Sacramento Dentistry Group Discusses: Crohn's Disease and Oral Hygiene
A recent study from Sweden links poor oral health with a reduced risk of inflammatory bowel diseases (IBD). Does this mean that people should not care for their teeth? What are the negative consequences of poor oral hygiene. The Sacramento Dentistry Group discusses the implications of this study.
Sacramento, CA, October 14, 2016 (Newswire.com) - Crohn’s disease is an illness that causes significant inflammation of the intestinal tract. The lesions and ulcers produced by Crohn’s in the intestines are also found in the mouth, often times before other symptoms are noticed. Therefore, dentists and hygienists commonly notice the signs of this disease before other health care professionals. Thus, regular visits to your dentist can help you to identify this disease and begin treatment at an early stage.
The Link with Oral Hygiene
A recent study from Sweden has made a disturbing connection, however, with good oral hygiene and Crohn’s disease. Researchers followed approximately 20,000 people over forty years and examined their dental history and incidents of inflammatory bowel disease (IBD). They found that patients missing a considerable number of teeth were less likely to have gastrointestinal issues.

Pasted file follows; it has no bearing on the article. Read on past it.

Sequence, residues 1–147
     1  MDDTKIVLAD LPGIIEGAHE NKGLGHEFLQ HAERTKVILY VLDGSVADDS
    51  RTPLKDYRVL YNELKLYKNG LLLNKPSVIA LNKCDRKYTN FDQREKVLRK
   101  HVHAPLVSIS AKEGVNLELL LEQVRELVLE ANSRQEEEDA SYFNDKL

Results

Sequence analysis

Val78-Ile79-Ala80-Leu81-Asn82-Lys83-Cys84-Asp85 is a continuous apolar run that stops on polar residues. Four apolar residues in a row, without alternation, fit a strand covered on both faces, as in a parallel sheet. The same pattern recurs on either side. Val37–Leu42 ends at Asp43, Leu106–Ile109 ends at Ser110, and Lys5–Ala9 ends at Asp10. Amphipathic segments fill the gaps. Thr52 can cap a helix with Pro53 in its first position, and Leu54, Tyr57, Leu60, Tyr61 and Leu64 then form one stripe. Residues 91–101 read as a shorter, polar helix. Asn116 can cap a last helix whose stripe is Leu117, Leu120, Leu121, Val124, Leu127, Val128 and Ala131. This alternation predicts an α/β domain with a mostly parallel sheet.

The cause for this connection is unknown. At this stage, without a causative factor identified, you cannot say that losing your teeth is the key to avoiding IBD. Indeed, only 1% of the subjects actually acquired Crohn’s disease or similar disorders. So 99% of the patients had no problems, meaning their oral health was not even considered. Many of the perfectly healthy people likely had excellent oral health. IBD is constantly under study around the world and more definitive information will certainly be revealed in time.
When making decisions based on any medical study, it’s best to consider the greater risk. If you fail to care for your teeth with regular oral hygiene and dental examinations, you will eventually lose a significant number, if not all, of your teeth. This is guaranteed! Tooth loss is generally accompanied by significant pain, discomfort, and declining health. Poor oral hygiene is also connected with increased risk of cardiovascular disease, diabetes, birth complications and other disorders. Even if keeping your teeth clean does mean that you have a slightly increased risk of IBD, good oral hygiene leads to better health and wellness overall for the vast majority of people.
For more information on dental issues, feel free to contact the dentists at the Sacramento Dentistry Group via sacramentodentistry.com or at 916-538-6900.
Source: Sacramento Dentistry Group